Mixed CD Stories

Get a beer for this one, friends, ’cause it’s got some stories to it.  In 2004, I worked for the Missouri PIRGs (a left wing political action group) and that was a hell of a summer in Sahara’s life. I’m glad I had it, but I’m glad I’ll never have to learn those lessons again.

But, when I left, I made a mix CD for myself and some of my friends from some music we had all shared that touched on some of the warmer memories of that year, and even when I listen to it now, I still remember. I wrote about one of these songs a few weeks ago, but I want to tell you about the rest.

Won’t you come see the melodious highlight memory reel??? /insert wavy back in time lines/

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Legacy, or Writing For Throwback Thursday

I have been thinking about legacy lately, which was the word of this Daily Prompt. (I still hate the one-word thing, but it works for me today.)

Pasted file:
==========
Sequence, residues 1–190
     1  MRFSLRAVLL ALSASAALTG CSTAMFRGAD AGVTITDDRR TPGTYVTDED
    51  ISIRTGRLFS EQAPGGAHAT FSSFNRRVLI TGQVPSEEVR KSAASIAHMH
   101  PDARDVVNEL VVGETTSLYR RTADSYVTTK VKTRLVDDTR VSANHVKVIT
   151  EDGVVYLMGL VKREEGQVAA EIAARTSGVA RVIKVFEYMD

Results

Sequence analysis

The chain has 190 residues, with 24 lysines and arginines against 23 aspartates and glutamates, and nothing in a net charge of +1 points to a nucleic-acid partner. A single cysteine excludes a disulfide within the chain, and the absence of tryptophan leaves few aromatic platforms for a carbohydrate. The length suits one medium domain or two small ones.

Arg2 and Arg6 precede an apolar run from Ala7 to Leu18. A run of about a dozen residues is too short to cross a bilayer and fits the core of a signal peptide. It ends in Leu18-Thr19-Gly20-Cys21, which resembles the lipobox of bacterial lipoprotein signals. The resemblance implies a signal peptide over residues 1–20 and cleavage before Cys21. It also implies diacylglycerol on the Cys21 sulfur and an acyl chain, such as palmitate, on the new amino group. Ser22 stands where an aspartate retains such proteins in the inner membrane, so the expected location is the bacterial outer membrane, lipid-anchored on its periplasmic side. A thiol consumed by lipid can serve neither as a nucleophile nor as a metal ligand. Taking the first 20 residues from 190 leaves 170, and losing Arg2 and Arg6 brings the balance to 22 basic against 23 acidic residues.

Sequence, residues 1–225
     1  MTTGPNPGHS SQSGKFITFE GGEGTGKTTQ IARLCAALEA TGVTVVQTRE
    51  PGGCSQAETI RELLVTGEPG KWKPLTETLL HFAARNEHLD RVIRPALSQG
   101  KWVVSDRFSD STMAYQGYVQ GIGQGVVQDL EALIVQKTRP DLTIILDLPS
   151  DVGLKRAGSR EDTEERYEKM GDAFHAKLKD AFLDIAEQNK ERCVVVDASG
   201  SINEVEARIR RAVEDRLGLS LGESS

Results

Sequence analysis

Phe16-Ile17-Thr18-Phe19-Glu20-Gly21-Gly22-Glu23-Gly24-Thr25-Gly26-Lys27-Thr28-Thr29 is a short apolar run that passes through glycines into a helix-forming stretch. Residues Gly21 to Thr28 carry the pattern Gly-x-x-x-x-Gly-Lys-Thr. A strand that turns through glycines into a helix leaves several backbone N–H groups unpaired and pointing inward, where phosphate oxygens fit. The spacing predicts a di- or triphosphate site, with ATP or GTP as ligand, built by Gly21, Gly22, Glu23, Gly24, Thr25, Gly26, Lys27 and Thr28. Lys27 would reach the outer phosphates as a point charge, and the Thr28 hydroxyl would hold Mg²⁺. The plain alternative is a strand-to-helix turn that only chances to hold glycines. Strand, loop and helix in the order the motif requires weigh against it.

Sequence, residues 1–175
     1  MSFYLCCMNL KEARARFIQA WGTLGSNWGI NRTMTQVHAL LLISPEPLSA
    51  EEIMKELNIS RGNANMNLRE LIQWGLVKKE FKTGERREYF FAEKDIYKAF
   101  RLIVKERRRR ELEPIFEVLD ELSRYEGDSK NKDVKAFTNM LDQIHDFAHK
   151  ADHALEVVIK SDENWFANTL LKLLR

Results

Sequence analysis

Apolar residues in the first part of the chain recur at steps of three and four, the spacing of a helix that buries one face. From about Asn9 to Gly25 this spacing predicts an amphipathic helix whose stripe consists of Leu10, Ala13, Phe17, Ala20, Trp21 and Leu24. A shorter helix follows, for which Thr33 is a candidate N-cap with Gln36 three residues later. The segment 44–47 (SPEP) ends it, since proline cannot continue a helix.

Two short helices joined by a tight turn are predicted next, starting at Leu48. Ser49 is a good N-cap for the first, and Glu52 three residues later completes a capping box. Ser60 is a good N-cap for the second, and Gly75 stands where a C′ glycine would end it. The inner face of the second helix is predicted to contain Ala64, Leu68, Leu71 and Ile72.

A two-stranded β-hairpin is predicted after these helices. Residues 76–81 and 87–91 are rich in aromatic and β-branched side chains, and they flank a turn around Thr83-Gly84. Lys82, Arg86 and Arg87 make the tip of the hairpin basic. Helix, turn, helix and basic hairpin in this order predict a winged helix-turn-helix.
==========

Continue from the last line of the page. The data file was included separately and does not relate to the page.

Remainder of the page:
I was thinking about the best way to save for her future and then I was thinking about writing up a will (now that I have a child) and who I would name as beneficiaries for my belongings. At first, I was thinking of things like books and CDs, and it was like the Senior Wills we wrote in our last year of high school. “Would I leave certain books to my social work friends and other books to religious friend?”

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Top Ten Favorite Memories of the Wee One

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The Wee One has just finished her first full week as a one year old, and in honor of that, I’ve been thinking about (and now I’m going to share with you) my top favorite memories of her this past year. They’re in no particular order.